Amid the coronavirus pandemic, experts predict Africa’s economy will shrink for the first time in over 25 years. For the continent’s oil- and gas-rich countries the impact of the pandemic coincided with and exacerbated a global drop in oil prices. A barrel of Brent crude oil fell from USD 60 in December 2019 to $20 in April 2020. One immediate consequence was a sharp fall in government revenues at precisely the time when governments needed to increase spending. Those countries most dependent on their oil and gas revenues have been hit hardest.
Implications for projects now in production
Nigeria, for example, relies on oil revenues for over 50 percent of its budget. The country’s 2020 budget assumed oil would average $57 a barrel. With the drop in price and demand the government lost 65 percent of its revenue in the first six months of 2020.
Ghana’s 2020 budget assumed an even higher benchmark price, at $62.60 per barrel. In July the country’s finance minister predicted oil revenue would be 50 percent lower than anticipated due to the pandemic.
Facing such economic challenges, governments are desperate to retain investment and jobs and to generate revenues. With the drop in oil prices, officials in some oil- and gas-producing countries will likely have to decide whether they will give tax breaks to oil and gas companies to attract or retain investment. The payments that oil and gas companies make to governments (in the form of production shares, taxes and royalties) are often larger per barrel of oil produced than the actual cost of production. When times are tight, this is where companies often look to cut their overall costs.
But tax breaks to oil and gas companies during price slumps have a checkered history. The wrong choice can mean countries lose out in the medium-to-long term, or companies gain a tax break that was unnecessary, reducing much-needed government revenue. Our NRGI colleagues have been examining the risk of a “race to the bottom” in how oil- and gas-producing countries manage tax issues in the pandemic context. In a new briefing, “A Race to the Bottom and Back to the Top: Taxing Oil and Gas During and After the Pandemic,” they consider a sample of 19 oil- and gas-producing countries, including six African producers, and draw out important insights for government officials as they consider options.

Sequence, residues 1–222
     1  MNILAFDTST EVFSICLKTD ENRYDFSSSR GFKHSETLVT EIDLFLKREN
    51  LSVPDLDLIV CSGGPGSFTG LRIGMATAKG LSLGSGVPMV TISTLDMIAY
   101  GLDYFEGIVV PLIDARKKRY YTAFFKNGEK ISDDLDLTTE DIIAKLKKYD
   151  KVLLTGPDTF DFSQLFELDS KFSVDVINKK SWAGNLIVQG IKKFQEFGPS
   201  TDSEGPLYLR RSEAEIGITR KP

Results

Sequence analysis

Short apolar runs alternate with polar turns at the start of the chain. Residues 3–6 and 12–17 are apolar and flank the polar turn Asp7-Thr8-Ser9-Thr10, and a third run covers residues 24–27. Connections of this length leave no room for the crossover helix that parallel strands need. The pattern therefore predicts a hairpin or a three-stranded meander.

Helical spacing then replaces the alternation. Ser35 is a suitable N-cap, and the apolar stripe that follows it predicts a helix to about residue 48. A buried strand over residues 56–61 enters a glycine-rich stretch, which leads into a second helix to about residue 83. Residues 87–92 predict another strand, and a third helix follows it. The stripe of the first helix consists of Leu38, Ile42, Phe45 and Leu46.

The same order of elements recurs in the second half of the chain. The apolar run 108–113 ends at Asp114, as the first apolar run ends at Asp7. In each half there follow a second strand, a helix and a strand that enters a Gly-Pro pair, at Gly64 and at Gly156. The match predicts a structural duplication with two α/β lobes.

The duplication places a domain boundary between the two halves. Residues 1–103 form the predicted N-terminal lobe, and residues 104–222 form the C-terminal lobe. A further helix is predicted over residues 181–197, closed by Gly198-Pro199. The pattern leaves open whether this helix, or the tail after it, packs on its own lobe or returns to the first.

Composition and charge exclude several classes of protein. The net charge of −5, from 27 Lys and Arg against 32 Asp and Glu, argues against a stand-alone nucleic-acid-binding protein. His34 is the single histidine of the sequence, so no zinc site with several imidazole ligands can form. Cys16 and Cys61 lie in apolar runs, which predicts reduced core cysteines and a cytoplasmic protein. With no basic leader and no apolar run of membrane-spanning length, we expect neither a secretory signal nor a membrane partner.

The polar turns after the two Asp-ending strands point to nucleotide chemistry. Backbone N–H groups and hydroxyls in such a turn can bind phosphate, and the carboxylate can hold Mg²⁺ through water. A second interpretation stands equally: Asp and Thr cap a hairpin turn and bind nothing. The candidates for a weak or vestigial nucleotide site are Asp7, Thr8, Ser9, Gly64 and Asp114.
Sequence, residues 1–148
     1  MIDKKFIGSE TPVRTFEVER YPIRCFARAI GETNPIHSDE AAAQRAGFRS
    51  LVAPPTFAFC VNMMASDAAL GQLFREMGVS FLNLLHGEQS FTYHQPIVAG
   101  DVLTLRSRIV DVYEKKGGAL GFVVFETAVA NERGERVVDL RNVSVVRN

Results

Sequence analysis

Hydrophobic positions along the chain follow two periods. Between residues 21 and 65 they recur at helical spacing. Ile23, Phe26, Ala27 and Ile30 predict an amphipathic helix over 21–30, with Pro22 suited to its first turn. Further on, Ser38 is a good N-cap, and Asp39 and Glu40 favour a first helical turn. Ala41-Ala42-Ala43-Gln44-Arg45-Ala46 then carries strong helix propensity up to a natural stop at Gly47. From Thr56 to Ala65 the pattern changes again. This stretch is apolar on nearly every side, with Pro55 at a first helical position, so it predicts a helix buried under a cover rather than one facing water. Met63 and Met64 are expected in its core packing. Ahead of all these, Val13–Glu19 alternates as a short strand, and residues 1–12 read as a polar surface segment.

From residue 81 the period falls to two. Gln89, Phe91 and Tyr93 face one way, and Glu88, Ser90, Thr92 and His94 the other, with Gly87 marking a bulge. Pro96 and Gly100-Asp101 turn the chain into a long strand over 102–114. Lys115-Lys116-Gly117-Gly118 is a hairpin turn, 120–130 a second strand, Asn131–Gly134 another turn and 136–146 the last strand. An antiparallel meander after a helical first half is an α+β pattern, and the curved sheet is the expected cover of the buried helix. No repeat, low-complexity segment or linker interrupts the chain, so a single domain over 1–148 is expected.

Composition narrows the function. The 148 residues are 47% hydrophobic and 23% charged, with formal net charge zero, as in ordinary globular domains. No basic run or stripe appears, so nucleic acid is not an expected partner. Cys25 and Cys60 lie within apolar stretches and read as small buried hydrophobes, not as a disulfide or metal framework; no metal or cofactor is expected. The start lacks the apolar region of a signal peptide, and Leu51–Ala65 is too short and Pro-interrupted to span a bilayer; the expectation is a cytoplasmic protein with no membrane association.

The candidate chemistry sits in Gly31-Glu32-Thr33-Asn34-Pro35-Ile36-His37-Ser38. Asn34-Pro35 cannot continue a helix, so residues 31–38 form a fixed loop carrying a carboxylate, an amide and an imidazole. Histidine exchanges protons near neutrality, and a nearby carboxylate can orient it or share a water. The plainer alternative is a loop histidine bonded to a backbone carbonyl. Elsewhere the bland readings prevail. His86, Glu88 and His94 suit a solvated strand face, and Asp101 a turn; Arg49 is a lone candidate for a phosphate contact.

Companies’ operating costs and taxes in all of the studied countries are well below the current price per barrel. (See figure, below.) These costs matter because companies tend only to stop production when the market oil price is below the costs of continuing to operate the project: operating costs and taxes.
For instance, the average current per barrel operating cost in Angola is $9, with $15 in taxes (for a total cost per barrel of $24). There may be some higher-cost projects for which a tax break could ensure continued economic viability, but they are few. Similarly, although Ghana’s average operating cost is higher, at $16 per barrel, its tax on upstream production is only $5, and so the total costs for companies ($21) remain well below the current price per barrel. Nigeria’s average costs are $23 per barrel. The conclusion: tax breaks on most currently operating projects are likely unnecessary and a waste of public money.
Implications for projects on the verge of production
The research also examines oil and gas projects likely to be developed over the next five years. Companies may start to lobby governments to change these projects’ tax treatment, threatening to pull investment, and with it, prospective production, revenues and employment. But before governments act on such concerns, NRGI experts urge caution. Prices are unlikely to stay low, and might continue to cycle, even if long-term prospects are increasingly uncertain.